Getting Smarter About Frying
March 11, 2019

Getting Smarter About Frying

Seven proven solutions and tips for preparing high-quality fried items.

Consumers love fried foods, and operators are discovering more ways to menu everything from appetizers to desserts that are fried. Whether they offer traditional favorites like fried chicken or the latest on-trend items such as katsu sando, operators know there are certain keys to success when it comes to frying high-quality, delicious foods that customers demand and are likely to return for.

Here are seven proven solutions and tips on how to improve frying performance, increase the bottom line, and deliver consistently delicious fried foods.

1. Use a high-quality frying oil

One misconception about frying oil is that a kitchen can use inexpensive, low-quality frying oil as long as the staff filters the oil, tops it off and changes it frequently. The reality is that by paying less upfront, the operator can end up spending money on replacing the oil more frequently. That means the foodservice establishment ends up paying more and the kitchen staff has to spend more time to properly manage the frying oil.

As with many other ingredients, paying more upfront for a quality product pays off in the long run. Premium cooking oils may cost more per case than a commodity oil, but they actually cost less per serving because high-quality oils last longer and maintain food quality better than traditional oils.

Consumers want fried foods that are crispy and hot outside, moist inside and taste like the food, not the oil. Premium frying oil does just that by preventing off-flavors from changing the flavor and taste of the fried foods. High-performance frying oils offer more stability and break down much slower than cheaper commodity oils.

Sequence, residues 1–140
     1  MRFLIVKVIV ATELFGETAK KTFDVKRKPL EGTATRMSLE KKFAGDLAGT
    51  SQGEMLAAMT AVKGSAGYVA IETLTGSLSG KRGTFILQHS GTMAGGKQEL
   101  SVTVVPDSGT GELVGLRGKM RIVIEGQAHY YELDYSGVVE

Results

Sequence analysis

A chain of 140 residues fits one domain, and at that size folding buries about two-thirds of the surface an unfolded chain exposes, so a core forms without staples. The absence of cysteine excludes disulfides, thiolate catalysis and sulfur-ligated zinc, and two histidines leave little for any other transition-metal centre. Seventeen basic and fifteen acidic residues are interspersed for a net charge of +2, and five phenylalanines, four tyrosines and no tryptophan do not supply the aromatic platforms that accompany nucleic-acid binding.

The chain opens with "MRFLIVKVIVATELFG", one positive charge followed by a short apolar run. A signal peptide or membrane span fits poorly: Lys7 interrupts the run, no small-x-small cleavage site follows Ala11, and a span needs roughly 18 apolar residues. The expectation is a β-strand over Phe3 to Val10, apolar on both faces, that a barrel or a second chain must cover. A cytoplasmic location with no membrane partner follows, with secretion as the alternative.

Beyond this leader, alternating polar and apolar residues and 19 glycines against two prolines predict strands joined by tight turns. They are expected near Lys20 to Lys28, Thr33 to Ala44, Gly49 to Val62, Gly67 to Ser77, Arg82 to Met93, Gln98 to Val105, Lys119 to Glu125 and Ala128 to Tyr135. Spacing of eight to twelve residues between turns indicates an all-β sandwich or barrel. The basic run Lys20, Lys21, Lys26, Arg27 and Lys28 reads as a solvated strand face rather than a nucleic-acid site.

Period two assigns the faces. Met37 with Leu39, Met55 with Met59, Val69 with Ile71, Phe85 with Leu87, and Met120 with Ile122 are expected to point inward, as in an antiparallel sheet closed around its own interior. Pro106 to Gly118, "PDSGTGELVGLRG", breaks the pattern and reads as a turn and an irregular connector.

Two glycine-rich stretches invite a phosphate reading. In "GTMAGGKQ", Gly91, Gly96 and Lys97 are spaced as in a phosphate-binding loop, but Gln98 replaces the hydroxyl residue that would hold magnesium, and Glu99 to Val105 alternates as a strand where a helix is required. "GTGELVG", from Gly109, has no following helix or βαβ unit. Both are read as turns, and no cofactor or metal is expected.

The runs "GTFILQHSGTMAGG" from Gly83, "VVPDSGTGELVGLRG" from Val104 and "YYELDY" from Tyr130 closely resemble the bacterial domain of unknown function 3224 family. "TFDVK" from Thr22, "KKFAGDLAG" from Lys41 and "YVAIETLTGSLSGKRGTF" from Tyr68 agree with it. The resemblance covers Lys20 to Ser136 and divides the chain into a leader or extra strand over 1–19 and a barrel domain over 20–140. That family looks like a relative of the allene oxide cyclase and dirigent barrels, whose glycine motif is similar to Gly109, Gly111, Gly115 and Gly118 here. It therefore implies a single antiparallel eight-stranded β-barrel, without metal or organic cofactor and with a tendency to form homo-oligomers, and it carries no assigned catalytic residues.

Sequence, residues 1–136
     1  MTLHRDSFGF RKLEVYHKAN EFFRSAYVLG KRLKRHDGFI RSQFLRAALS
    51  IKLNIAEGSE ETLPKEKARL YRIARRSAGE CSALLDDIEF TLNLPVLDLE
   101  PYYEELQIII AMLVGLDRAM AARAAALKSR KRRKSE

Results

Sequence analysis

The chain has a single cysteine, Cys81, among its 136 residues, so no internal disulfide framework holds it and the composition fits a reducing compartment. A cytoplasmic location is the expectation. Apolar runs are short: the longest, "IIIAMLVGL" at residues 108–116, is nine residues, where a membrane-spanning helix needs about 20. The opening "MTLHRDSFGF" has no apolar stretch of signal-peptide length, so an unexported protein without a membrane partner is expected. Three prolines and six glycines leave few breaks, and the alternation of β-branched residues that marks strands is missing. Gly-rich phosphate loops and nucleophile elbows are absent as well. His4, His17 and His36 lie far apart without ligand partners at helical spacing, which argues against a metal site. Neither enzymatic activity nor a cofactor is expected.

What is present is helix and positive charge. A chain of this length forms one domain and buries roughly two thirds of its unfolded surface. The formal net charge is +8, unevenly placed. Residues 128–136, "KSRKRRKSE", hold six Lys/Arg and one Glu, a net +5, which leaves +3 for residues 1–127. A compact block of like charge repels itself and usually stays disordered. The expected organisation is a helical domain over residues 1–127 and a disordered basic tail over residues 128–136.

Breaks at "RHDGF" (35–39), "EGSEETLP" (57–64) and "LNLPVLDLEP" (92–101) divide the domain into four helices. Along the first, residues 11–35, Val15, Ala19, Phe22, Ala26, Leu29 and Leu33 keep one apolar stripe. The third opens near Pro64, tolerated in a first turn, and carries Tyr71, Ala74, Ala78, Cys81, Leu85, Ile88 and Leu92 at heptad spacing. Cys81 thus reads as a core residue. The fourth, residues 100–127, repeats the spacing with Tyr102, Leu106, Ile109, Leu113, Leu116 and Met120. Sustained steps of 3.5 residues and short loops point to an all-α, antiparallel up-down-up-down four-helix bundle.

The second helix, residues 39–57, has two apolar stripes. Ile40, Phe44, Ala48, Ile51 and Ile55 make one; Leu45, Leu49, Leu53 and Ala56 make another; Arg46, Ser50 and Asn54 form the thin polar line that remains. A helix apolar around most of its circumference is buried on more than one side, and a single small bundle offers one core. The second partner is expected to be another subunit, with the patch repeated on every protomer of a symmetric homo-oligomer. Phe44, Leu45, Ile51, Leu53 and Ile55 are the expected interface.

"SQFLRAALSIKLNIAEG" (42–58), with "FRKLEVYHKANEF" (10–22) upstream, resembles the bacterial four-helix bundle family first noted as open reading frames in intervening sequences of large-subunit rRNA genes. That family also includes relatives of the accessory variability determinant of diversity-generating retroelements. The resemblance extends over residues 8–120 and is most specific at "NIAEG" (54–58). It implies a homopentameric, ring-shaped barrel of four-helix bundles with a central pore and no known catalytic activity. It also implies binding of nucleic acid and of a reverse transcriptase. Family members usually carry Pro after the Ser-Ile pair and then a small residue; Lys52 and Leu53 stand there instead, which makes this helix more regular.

Breakdown refers to the structure of the oil changing because of factors such as exposure to high heat, moisture, oxygen or food particles. As the oil breaks down, it can start to develop an undesirable flavor and has a higher potential for flavor transfer, so the French fries from today’s lunch taste a little like the fish from last night’s dinner service.

2. Watch the temperature

Heat is one element that can quickly break down frying oil.  To ensure you get the most out of your oil, it is best to fry at 350 degrees, so that the food cooks thoroughly and the oil lasts longer. Check the temperature periodically and make sure the fryer thermostat is in good working condition.  During extended periods of down time, make sure to either turn off the fryer, or turn down the temperature to 200° F so that you’re not overheating the frying oil unnecessarily.

3. Keep it dry and frozen

Just like heat, moisture can also accelerate the breakdown of oil.  When frying frozen foods, it is important to fry foods frozen right out of the freezer and never thawed.  Make sure to remove any excess frost or ice particles.  Avoid refreezing thawed foods, which can lead to excess ice buildup.  If you have to thaw foods, make sure you pat it down to remove excess moisture.